Take the 2-minute tour ×
Stack Overflow is a question and answer site for professional and enthusiast programmers. It's 100% free.

I'm building a face match web application.

Note: I just found out that people don't call this type of application as a facematch application.

Here is a basic workflow.

  1. users upload photos
  2. admin either approve/deny a photo
  3. when a user access the page, two photos are randomly selected from the database.
  4. the user has two options
    1. choose one of the photos
    2. skip to another match

There is one condition. Users do not see a duplicated match. If a user already played with 1 vs 2, then the user does not see 2 vs 1 again.

Let's say I have the following 4 photos

table photo


there are 6 possible matches. Those are

1 vs 2
1 vs 3
1 vs 4

2 vs 3
2 vs 4

3 vs 4

in order to make those matches, I use the following cross join query.

select p1.id, p2.id from photos as p1 cross join photos as p2 where p1.id < p2.id

it works without a problem. My concern is that it would be slower as the number of matches grow.

I get 1999000 matches with just 2000 photos. That is such a huge number.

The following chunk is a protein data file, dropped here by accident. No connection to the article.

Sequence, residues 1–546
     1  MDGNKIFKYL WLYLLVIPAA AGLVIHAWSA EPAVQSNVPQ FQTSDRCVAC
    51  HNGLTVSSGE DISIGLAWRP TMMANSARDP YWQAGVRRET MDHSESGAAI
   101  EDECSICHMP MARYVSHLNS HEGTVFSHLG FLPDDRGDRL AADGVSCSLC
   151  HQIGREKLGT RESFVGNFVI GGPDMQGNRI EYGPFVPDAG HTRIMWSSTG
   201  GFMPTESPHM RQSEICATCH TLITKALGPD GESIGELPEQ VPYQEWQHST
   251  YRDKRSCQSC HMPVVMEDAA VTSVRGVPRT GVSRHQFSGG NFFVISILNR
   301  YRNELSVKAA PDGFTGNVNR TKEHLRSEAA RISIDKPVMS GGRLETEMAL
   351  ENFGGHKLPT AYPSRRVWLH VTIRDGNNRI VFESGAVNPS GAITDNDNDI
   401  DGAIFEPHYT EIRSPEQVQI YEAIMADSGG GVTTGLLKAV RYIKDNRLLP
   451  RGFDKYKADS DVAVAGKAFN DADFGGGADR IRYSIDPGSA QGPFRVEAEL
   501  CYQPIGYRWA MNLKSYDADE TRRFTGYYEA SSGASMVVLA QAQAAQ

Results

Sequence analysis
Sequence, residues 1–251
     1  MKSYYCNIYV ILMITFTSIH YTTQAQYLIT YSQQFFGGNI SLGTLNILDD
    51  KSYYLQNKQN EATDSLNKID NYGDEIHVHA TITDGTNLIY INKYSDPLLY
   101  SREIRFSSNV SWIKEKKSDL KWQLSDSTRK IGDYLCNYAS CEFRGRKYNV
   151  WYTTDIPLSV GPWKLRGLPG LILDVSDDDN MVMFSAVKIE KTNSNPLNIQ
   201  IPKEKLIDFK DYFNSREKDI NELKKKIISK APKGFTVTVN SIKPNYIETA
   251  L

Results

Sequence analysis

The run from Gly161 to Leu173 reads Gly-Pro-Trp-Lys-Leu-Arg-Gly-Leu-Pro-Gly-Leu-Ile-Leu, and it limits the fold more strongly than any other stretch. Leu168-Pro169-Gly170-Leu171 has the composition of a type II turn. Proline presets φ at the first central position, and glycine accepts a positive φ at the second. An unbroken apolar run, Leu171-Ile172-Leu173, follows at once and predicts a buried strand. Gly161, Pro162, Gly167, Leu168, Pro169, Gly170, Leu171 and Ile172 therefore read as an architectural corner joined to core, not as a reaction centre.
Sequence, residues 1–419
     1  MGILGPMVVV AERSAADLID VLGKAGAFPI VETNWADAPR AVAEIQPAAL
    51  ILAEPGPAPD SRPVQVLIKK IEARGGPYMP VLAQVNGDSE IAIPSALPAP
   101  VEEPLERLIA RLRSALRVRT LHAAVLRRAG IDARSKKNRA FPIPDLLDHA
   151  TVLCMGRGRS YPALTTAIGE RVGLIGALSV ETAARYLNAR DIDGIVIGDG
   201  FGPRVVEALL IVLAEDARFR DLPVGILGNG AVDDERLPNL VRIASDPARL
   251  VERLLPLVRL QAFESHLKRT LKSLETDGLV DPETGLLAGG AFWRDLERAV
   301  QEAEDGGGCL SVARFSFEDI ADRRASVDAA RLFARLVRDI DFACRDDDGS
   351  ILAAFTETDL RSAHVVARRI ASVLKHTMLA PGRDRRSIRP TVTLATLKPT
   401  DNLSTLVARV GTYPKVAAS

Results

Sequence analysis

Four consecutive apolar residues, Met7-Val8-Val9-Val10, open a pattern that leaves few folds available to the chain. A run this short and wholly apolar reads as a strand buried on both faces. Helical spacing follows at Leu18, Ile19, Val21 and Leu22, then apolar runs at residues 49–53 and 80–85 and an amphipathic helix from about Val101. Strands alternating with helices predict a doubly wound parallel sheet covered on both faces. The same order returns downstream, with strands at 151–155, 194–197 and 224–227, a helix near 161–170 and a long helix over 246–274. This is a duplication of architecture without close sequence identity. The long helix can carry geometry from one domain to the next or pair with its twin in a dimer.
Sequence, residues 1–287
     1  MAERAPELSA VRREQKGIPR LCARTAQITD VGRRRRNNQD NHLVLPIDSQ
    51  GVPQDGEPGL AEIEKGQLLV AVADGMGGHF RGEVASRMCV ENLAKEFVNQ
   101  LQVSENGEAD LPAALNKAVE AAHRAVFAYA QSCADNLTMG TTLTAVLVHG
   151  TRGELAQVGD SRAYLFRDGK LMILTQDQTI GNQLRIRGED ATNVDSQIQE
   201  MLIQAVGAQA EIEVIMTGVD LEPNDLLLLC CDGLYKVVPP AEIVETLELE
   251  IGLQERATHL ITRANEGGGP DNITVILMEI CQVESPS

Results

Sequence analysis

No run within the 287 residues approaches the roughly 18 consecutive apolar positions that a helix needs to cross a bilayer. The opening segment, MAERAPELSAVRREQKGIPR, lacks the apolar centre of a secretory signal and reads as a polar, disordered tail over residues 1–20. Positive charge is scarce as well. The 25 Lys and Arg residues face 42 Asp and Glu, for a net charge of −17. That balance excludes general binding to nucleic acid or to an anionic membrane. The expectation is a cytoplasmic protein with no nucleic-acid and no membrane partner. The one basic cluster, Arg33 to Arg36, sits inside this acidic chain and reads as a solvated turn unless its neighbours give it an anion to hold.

so I thought about a solution and came up with creating a new table that stores all the possible matches. The rows are created when the admin approves a photo.

table matches

id1 id2
1    2
1    3
1    4
and so on

finally, my question is

should I keep using cross join or should I create a new table 'matches'?

which one would be better?

any other better solutions would be appreciated!

share|improve this question

1 Answer 1

up vote 2 down vote accepted

I think in this case you'd be better off not storing all matches at all. As you've figured out, the number of matches is quadratic to the number of rows. Based on your use case, it seems it would be better to keep a table with all seen pairs per user and exclude them at the time you query for that user. This will likely be pretty sparse compared to entire space of combinations. Unless you need to store data for all combinations at the time the admin approves, there's no reason to generate them at that time.

share|improve this answer
// thank you for your reply. My concern is...it might be slow where are many concurrent connections..let's say 50000. Is my MYSQL going to be okay with this cross join query? –  Moon Mar 26 '11 at 21:06

Your Answer


By posting your answer, you agree to the privacy policy and terms of service.

Not the answer you're looking for? Browse other questions tagged or ask your own question.